Wednesday, September 3, 2008

Palin's rural vantage point

Jeff Edwards wrote last week about Sarah Palin's rural credentials, but we've learned more since then that provides yet another dimension to Palin's "rurality." While she has prepared position papers on issues of importance to rural communities -- particularly those in Alaska, e.g., indigenous populations, subsistence hunting and fishing -- her connection to the rural runs deeper than that. I found of particular interest her long personal history with Wasilla, Alaska, as it went from a community of 400 when she was a child to a booming exurb/suburb of Anchorage, population about 9,800. (It is part of the Anchorage MSA). Reports suggest that the population of Wasilla roughly doubled during Palin's service on the City Council and later as mayor. (Hear an NPR interview with Palin's biographer, Kaylene Johnson, here ;it describes Wasilla's growth over the years) .

An early report from the New York Times detailed Palins's rural roots, including her birth in Sandpoint, Idaho, and her family's move to Skagway, Alaska when she was infant. The family later moved to Wasilla, essentially an exurb of Anchorage. Palin was elected to the Wasilla City Council in 1992, and she was mayor from 1996-2002. At that time, the Wasilla Police Department had 25 officers. A borough government oversaw the schools and fire department. The story includes this quote from the deputy city clerk who characterized Wasilla as "really rural America," and said "everyone is in shock" over the possibility that Palin might become Vice President. Another official interviewed for the story recounted Palin's mayoral achievements:
She cut property taxes, increased the city sales tax by half a percent to support construction of an indoor ice rink and sports complex, and put more money into public safety, winning a grant to build a police dispatch center in town.
So, this report indicates that she dealt with some issues that are increasingly important to communities the size of Wasilla: (1) how to keep youth busy and (2) rising crime rates.

The growth that Palin oversaw was apparently not always pretty, as if often the case with sprawl. A man interviewed for this NYT story about Alakans' attitude toward Palin noted that many think Wasilla is "as ugly as sin." Still, residents there are apparently happy to be getting a Target next month, one of three opening in the chain's Alaska debut.

Wednesday's NYT included a story with the headline, "Palin's Start in Alaska: Not Politics as Usual," which gave us yet more information about Palin's mayoral management style in Wasilla. As the headline suggests, she did not shrink from controversy. Among her early small-town gaffes: suggesting that some books should be removed from the local library. The story suggests that Palin brought "wedge politics" to town. Here's an excerpt that characterizes Wasilla's political landscape, both pre- and post-Palin:
The traditional turning points that had decided municipal elections in this town of less than 7,000 people — Should we pave the dirt roads? Put in sewers? Which candidate is your hunting buddy? — seemed all but obsolete the year Ms. Palin, then 32, challenged the three-term incumbent, John C. Stein.

Anti-abortion fliers circulated. Ms. Palin played up her church work and her membership in the National Rifle Association.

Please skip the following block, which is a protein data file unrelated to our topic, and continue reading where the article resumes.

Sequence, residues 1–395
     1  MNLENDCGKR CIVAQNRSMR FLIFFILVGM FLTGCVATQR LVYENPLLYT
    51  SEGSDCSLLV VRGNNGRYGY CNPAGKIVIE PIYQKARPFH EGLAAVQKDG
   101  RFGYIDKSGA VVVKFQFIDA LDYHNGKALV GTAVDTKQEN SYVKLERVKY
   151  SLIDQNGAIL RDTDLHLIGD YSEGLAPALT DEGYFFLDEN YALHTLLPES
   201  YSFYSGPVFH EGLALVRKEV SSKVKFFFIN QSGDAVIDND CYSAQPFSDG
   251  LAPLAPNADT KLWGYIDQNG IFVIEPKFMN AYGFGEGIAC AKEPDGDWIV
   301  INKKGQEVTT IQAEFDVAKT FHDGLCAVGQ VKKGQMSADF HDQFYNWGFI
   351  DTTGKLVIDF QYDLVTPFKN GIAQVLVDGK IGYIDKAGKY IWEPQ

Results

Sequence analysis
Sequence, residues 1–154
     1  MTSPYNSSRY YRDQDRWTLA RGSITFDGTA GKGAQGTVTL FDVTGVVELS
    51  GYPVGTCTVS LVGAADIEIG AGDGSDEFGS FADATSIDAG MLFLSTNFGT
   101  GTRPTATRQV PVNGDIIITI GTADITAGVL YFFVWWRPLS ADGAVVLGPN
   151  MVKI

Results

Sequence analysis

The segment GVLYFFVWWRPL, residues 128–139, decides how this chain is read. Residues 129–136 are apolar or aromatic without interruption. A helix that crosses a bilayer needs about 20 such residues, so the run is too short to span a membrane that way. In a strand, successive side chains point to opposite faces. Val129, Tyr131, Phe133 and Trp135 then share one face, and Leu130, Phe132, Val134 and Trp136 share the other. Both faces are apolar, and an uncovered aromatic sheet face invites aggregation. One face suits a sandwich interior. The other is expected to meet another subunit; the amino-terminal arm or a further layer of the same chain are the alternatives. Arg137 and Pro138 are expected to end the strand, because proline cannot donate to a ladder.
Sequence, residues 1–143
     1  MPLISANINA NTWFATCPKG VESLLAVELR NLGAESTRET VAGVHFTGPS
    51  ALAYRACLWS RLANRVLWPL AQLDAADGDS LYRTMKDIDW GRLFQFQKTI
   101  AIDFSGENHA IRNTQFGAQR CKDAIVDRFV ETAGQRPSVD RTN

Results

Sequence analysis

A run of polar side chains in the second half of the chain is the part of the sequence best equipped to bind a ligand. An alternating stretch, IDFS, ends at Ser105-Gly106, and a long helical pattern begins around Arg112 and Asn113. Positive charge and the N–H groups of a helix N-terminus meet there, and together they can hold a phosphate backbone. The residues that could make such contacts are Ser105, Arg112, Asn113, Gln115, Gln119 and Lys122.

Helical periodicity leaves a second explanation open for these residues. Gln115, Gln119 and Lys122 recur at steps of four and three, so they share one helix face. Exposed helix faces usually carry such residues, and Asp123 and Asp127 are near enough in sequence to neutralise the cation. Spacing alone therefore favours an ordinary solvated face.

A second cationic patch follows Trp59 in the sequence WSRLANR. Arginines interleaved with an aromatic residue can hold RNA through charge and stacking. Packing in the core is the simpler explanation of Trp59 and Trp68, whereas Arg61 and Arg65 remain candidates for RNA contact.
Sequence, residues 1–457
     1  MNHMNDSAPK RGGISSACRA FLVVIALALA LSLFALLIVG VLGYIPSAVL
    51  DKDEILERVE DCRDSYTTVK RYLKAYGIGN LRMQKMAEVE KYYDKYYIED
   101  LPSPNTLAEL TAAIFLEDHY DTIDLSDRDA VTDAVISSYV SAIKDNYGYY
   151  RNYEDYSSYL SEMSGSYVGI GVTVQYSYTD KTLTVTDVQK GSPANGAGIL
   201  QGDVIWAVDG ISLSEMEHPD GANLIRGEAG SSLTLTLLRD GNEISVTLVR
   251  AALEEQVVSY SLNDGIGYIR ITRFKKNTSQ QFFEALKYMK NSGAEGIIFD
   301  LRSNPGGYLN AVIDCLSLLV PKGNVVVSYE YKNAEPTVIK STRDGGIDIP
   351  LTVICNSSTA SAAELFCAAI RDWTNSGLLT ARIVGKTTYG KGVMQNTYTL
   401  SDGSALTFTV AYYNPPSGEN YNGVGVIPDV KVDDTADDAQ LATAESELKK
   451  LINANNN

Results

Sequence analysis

The pre-Palin part sounds like a lot of rural places, where political patronage plays a significant role and "all politics is local," to quote Tip O'Neill. The post-Palin phase sounds like the mix of national with local issues that we increasingly see everywhere. But the post-Palin phase also featured patronage politics, as many who backed her opponent or otherwise crossed her lost their jobs.

A story in Thursday's NYT takes us back to her experience governing a state which, while quite distinctive among the 50, features many challenges shared by other largely rural states. These include the challenge of spatial isolation and the reliance on extractive industries. Here's an excerpt:
Alaska is harder to govern than a smaller, more settled realm in the Lower 48. With vast distances, large numbers of indigenous peoples and a narrowly based extraction economy — with a handful of giant multinational oil corporations dominating the game — some economists say a country like Nigeria might be an apter comparison.
The story quotes University of Alaska professor Stephen Haycox, who characterized Alaska as a "colonial place." He explained that a third "of the economic base is oil; another third is federal spending. * * * It’s not to say that Alaska is a beggar state, but it certainly is true that Alaska is dependent on decisions made outside it, and over which Alaskans don’t have great control.”

A critical difference between Alaska and other states, as journalist Kirk Johnson points out in Thursday's story, is that Alaska is fiscally flush because of its major extractive industry--oil and gas--and the high prices currently commanded by a barrel of oil. Unlike other rural places, then, Alaska under Palin has not faced the challenges of economic restructuring that have devastated so many other rural places that were previously reliant on extractive industries. That makes Palin's experience rather less applicable to the greatest concerns facing other rural economies. It also helps explain why she doesn't flinch at opening up ANWAR to drilling. Prosperity based largely on Alaska's oil and gas reserves is all she has known, but it's hardly a model that translates well to other states, let alone the nation.

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